Q. I disagree with your statement that “living together is not a trial marriage.” What is your reason for saying this?
A. Living together is always just “living together.” It is not trial marriage—you can only “try marriage” if you’re married. After all, “trial studying” or “trial swimming” means you are actually involved in the process.
Marriage involves much more than simply living together. Some couples mistakenly hope that living together will serve as a trial marriage. In actual fact, partners who live together prior to marriage may be in for a surprise. Only after couples sign on the dotted line do they really begin acting out their subconsciously absorbed beliefs, attitudes, and expectations related to roles in marriage. It is only then that they often begin to act just like Mom or Dad acted, regardless of whether or not they liked or admired those behaviors. Human beings tend to do as they’ve been done to unless they consciously learn new strategies and choose to exhibit more functional behaviors (if those are needed).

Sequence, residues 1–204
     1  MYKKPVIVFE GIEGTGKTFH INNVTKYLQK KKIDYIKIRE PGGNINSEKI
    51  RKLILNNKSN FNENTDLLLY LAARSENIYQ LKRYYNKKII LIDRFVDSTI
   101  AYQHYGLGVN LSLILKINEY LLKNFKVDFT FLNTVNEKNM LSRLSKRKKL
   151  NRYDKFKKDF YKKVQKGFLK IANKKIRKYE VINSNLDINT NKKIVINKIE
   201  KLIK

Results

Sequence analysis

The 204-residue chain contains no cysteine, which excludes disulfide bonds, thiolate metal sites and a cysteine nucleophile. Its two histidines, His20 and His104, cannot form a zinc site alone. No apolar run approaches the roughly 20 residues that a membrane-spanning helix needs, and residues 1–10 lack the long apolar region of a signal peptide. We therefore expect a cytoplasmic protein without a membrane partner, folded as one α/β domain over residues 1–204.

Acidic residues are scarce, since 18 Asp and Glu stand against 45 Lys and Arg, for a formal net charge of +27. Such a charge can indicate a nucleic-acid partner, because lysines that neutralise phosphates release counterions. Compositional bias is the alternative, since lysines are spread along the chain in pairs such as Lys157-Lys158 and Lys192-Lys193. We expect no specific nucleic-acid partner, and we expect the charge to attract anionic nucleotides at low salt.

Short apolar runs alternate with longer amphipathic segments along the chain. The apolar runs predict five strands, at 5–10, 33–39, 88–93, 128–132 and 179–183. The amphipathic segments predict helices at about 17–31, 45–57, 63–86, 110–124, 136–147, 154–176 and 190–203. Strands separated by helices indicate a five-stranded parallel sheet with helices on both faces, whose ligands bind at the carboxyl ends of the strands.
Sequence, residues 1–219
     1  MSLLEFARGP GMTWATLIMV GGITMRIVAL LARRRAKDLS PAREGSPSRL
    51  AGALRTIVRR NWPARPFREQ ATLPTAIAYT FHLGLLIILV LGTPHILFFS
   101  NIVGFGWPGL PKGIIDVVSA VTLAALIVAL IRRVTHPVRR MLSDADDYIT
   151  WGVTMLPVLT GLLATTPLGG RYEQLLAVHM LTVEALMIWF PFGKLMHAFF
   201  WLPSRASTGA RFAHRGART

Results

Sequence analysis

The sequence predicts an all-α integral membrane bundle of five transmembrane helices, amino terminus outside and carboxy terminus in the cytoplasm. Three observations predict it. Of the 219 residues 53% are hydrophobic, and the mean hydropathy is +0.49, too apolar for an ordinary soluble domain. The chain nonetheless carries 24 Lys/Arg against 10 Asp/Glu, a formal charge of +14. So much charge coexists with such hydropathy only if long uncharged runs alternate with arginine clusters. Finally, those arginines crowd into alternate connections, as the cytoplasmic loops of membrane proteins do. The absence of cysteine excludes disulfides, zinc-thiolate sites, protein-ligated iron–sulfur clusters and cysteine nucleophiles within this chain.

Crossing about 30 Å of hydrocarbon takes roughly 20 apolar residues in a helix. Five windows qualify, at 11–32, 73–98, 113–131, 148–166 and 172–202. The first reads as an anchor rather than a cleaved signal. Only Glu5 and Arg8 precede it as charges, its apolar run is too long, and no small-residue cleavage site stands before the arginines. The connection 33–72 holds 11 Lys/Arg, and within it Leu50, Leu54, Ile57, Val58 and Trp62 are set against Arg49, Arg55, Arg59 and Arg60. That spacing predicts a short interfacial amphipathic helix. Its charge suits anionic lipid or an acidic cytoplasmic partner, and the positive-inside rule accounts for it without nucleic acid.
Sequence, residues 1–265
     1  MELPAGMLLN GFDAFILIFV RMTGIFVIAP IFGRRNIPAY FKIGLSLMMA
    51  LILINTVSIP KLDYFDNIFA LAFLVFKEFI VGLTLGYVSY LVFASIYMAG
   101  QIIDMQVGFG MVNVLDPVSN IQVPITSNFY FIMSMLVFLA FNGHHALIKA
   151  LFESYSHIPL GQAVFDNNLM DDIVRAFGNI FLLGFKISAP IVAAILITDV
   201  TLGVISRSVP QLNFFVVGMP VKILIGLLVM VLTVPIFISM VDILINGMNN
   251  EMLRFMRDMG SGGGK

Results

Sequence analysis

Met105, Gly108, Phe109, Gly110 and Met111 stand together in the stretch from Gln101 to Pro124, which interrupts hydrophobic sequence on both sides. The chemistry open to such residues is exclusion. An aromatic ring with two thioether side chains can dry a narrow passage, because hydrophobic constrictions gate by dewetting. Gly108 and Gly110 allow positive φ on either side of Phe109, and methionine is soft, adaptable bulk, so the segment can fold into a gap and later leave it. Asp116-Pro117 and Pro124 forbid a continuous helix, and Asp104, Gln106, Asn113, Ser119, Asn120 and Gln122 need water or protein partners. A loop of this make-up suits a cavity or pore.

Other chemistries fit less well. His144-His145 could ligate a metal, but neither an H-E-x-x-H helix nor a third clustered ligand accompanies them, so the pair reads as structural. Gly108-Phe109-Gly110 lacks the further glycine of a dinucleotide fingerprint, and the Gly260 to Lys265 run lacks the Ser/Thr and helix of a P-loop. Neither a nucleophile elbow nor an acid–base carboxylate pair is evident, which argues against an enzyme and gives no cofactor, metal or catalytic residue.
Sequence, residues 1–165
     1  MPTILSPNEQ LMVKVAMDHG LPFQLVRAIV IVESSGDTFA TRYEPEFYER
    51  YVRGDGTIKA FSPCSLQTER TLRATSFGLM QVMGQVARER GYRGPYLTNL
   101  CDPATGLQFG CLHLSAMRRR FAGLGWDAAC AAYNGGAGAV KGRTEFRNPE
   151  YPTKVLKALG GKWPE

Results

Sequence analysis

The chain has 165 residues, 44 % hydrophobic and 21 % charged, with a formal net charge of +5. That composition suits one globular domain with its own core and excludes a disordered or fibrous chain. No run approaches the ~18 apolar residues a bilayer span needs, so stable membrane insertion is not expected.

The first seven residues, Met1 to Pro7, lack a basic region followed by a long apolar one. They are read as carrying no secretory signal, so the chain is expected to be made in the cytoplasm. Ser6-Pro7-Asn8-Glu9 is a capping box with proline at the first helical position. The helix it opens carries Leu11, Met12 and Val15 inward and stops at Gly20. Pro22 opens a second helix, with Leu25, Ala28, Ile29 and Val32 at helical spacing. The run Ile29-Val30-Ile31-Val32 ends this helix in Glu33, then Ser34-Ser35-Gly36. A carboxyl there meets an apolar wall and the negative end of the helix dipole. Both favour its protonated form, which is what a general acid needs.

In addition, once the courtship routine is over and the goal (marriage, legal union) has been reached, most people gradually tend to revert to their own sensory preference. In other words, most people tend to express themselves and relate to others in a manner that matches their sensory preference, unless they make a conscious choice to do differently. When two individuals have the same primary sensory preference, there isn’t as great a disparity between the before and after marriage/legal union validation.
These two factors increase the risk for becoming involved in the “my partner changed after we got married” phenomenon, or the lament that “he/she doesn’t love me any more.” This can help to explain instances where two people lived together quite successfully (sometimes for years), married, and then were at each other’s throats, if not separated, within months. Each partner may vehemently claim that the other changed after the ceremony. Well-meaning listeners often reply that no one changes after marriage. The truth is they probably did!
If couples have lived together prior to establishing a legal relationship, each needs to be aware of these two factors and take definite steps to avoid confusion and discomfort related to differences in “role perception” and “sensory preference.”